Aired 19 – 26 January 1985
‘Vengeance on Varos’ is an unreserved highlight of Colin Baker’s first full year as the Sixth Doctor, employing the usual decree for violence and power struggles but managing to explore these issues with a degree of finesse rarely obtained in this era. Indeed, as a satirical indictment against the violent trends of civilization as well as of reality television that has become so popular and pervasive in the decades since its airing, ‘Vengeance on Varos’ remains incredibly relevant and withstands the test of time immeasurably well.
Of course, Doctor Who is by no means alone in predicting the rise of so-called reality television, violence and fights for survival played out in front of a watching audience the basis of many works of science fiction at the time and to this day. Nonetheless, it’s intriguing to note that it aired at a time when The House of Lords began making acts of democracy public by broadcasting debates as well as when laws about videos were changing and the BBC was experimenting with interactivity in homes. These elements all focus, and the recordings within Varos’s Punishment Dome are clearly being used as much for profit as for supposed public education. However, ‘Vengeance on Varos’ is also incredibly self-aware about it being violent television about violent television, and the governor’s directing and torture devices that make fearful images real successfully blur the line between fact and fiction to given context to the madness around them.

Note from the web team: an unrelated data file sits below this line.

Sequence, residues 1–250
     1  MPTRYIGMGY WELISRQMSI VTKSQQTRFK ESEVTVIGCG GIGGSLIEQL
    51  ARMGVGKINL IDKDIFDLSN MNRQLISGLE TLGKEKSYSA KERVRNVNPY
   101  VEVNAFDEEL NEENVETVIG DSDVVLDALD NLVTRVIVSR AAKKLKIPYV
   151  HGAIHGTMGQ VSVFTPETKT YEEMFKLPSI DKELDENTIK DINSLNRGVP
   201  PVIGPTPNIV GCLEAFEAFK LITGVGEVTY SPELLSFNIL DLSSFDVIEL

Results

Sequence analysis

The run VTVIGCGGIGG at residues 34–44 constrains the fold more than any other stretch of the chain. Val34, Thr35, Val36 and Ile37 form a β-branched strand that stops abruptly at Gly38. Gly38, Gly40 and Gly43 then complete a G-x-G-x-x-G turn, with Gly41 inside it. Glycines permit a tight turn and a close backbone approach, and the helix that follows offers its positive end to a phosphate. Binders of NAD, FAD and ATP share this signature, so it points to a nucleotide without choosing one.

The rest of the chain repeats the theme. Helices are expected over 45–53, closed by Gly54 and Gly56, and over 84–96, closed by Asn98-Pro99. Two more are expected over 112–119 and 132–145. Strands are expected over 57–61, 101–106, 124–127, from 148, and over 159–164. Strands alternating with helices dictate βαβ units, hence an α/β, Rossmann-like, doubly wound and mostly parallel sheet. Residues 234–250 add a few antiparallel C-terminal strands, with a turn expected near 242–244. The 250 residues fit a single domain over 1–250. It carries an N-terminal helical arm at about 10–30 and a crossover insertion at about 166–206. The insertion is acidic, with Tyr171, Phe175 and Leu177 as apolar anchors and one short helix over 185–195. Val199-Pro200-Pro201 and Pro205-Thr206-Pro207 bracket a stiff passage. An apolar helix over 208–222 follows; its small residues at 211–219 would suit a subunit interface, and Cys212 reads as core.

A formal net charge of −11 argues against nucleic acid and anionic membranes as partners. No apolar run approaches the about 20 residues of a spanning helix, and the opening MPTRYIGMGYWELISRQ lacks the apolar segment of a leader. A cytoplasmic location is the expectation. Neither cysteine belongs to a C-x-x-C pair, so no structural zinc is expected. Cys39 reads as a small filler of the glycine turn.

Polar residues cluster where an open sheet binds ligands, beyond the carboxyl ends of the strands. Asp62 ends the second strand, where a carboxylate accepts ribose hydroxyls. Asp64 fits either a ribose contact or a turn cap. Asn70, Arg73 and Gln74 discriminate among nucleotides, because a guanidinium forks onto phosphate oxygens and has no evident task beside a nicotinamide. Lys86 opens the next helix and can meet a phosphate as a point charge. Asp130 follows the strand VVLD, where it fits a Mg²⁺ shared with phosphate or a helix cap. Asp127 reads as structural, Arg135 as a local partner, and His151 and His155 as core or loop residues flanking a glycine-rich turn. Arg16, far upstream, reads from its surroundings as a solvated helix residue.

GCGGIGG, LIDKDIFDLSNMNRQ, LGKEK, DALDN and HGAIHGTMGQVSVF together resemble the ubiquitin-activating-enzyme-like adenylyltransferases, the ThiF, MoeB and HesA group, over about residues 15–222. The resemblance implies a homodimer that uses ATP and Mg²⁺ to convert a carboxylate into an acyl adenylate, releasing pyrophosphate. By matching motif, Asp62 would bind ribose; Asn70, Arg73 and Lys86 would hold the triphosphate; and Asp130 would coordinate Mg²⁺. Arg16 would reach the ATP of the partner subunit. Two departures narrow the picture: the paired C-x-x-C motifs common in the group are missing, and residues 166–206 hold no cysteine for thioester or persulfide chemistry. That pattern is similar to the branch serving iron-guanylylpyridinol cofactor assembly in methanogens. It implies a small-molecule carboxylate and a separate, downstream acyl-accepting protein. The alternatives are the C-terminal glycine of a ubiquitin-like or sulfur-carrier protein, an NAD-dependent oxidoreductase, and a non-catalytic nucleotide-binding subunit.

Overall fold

One of the biggest issues with this era of Doctor Who is that it often uses violence simply to use violence, Peri in particular suffering in many instances from this focus on torment and torture. However, ‘Vengeance on Varos’ is willing to also discuss the violence it shows within a society where brutality is so innate to its daily being. Suddenly, rather than Doctor Who using random and empty violence to propel its plot, it instead acts as a channel for debate about a corrupt government using threats of violence to control its populace and the corrupt general populace being complicit in the violence at least to some extent. It’s a subtle shift in the dynamic, but it puts the violence into context and, indeed, proves to be vital to the very foundation of this serial, hearkening back to the much-loved darker period of early Fourth Doctor era while also calling into question the quality of the stories around this one.
One of the more fascinating subplots of ‘Vengeance on Varos’ is the governor and his absolute need to maintain public approval in order to keep his position and his life. It goes without saying that this is a fundamentally flawed system that could never allow for any meaningful change, but it also exaggeratedly addresses the inherent flaw in any democratic system while instilling a sense of empathy to a man literally trapped by the status quo. The suggestion that a man who fears for his life will be spurred to find solutions to better society has merit in some regard, but change of any sort is rarely a popular proposition, restricting what can realistically be achieved when such mortal consequences for failure are made so abundantly clear.
The Colin Baker era struggled with presenting its flawed Doctor in a positive light, too often emphasizing egregiously questionable attributes while sacrificing the potential for meaningful character growth. While he does not undergo any sort of transformative change here, he is at least able to make a meaningful change and bring the potential of peace to Varos, though interestingly he leaves the population to their own devices to follow through with this potential after spending so long criticizing that same population. Nevertheless, as a whole, ‘Vengeance on Varos’ is a great piece of television that works on nearly every level and highlights the true potential of this era.